This is the first song on the first Van Halen album. It starts with a backwards blare of car horns, which was made by a contraption Eddie Van Halen put together using a bunch of horns, a car battery, and a footswitch. They used to use it when they played at clubs.
Van Halen included this song on a demo Gene Simmons
produced for them in 1977. After seeing them in concert, Simmons flew the band to New York, bought them clothes, and set up a recording session. They didn't get a record deal out of it, but gained valuable experience.
Gene Simmons had the idea for the car horns at the beginning. He had the band do this on the 1977 "House Of Pain" demo he produced for them.
At one point, David Lee Roth says, "Goddamn it lady, you know I ain't lyin' too ya, I'm gonna tell you one time." Roth was never eloquent, but he was occasionally introspective (see "Hang 'Em High"), and even poetic (see "Secrets"). (thanks, Doug - Appleton, WI, for above 2)
The song contains many of the things Van Halen became famous for - David Lee Roth's squeal, Eddie's guitar solo, and Michael Anthony's backup vocals.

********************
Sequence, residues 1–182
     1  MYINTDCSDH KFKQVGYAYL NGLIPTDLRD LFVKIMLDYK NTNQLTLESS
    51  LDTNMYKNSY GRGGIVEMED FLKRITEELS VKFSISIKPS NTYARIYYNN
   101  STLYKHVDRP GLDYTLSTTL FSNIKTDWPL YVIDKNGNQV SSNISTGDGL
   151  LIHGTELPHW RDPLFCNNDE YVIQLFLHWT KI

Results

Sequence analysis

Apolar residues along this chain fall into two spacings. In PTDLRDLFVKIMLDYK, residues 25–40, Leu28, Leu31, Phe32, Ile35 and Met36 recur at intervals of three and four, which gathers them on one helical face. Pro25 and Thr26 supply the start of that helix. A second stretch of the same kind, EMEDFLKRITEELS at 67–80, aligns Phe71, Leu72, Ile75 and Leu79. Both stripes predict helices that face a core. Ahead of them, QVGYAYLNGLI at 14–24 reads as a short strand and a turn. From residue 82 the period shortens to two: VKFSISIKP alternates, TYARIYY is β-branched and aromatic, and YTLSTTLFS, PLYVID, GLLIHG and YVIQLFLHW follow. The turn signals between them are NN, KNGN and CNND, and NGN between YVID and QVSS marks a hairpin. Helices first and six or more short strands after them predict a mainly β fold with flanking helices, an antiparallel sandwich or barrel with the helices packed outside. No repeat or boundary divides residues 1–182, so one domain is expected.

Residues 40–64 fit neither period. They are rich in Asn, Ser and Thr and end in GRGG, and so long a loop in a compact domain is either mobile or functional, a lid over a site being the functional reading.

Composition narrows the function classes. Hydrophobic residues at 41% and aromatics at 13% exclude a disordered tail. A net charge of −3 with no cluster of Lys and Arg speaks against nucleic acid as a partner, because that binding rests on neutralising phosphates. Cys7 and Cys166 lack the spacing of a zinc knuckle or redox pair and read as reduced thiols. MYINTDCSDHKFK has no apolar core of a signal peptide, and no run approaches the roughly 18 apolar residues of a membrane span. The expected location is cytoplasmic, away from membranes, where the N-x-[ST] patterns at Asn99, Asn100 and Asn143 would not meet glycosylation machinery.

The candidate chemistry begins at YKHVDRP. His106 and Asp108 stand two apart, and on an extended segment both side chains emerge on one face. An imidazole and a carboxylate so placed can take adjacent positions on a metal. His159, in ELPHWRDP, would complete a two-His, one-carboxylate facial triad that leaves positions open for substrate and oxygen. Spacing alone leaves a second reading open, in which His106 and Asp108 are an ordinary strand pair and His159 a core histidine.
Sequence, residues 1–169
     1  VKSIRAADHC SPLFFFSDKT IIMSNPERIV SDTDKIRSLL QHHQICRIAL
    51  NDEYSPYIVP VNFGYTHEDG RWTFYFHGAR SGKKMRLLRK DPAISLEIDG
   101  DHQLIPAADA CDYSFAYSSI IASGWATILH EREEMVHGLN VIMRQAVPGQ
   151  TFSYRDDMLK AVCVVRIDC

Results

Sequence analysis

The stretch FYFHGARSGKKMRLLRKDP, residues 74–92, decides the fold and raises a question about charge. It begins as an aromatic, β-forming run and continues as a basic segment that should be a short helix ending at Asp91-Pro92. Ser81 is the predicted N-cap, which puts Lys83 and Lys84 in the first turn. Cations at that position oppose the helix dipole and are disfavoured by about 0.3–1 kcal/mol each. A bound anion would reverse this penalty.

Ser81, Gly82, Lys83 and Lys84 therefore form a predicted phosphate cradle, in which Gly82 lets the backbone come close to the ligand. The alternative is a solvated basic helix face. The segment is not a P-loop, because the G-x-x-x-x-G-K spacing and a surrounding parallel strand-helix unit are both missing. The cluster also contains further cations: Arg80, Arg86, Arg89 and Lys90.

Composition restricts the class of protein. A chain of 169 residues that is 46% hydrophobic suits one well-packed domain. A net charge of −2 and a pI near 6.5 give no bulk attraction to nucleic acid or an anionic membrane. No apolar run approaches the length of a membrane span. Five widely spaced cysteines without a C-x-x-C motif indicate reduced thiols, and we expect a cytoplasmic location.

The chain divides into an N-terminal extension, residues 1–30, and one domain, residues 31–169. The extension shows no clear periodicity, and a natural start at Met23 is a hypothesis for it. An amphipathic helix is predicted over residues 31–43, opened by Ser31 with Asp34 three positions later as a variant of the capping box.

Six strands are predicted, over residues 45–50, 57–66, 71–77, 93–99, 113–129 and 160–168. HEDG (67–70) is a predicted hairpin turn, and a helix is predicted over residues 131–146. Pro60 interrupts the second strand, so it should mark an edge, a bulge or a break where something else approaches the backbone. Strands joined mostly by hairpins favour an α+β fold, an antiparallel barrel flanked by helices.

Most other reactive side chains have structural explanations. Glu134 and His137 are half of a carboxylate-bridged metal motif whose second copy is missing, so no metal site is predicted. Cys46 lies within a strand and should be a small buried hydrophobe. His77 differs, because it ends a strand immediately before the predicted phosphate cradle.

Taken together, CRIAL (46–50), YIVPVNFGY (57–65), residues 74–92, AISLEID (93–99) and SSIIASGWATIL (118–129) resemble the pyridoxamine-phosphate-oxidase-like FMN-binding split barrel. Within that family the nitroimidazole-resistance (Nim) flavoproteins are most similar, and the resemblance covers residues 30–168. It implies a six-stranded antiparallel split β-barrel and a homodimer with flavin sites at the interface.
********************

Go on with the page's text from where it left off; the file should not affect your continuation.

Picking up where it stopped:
Eddie's guitar is on the cover of the album. He pieced it together using parts of different guitars until he got the sound and feel he wanted. It is striped black and white on the album, but Eddie later painted it red.
This was easy for the band to record because they did not use many studio tricks. They pretty much recorded what they had been playing live for years. Later Van Halen albums became much more complicated.
Van Halen opened concerts for Journey and Black Sabbath after releasing this album, helping it sell over 5 million copies as more people found out about them.
This gets constant play on Classic Rock radio. It was not played a lot when it first came out because nobody had heard of Van Halen, so it was never burned out.
Adam Sandler pretends to play this with a Devil Horned blade he uses as a guitar at the beginning of the 2001 movie Little Nicky. (thanks, Scott Baddwin - edmonton, Canada)
This bears a strong resemblance to Pink Floyd's similarly titled song "Run Like Hell
," particularly in the intro (one note on the bass played over and over interrupted by a guitar with echo). Both songs were released within a year of each other, so it is probably just a coincidence. (thanks, Eric - Suffern, NY)
The was used in the 2000 movie Ready To Rumble.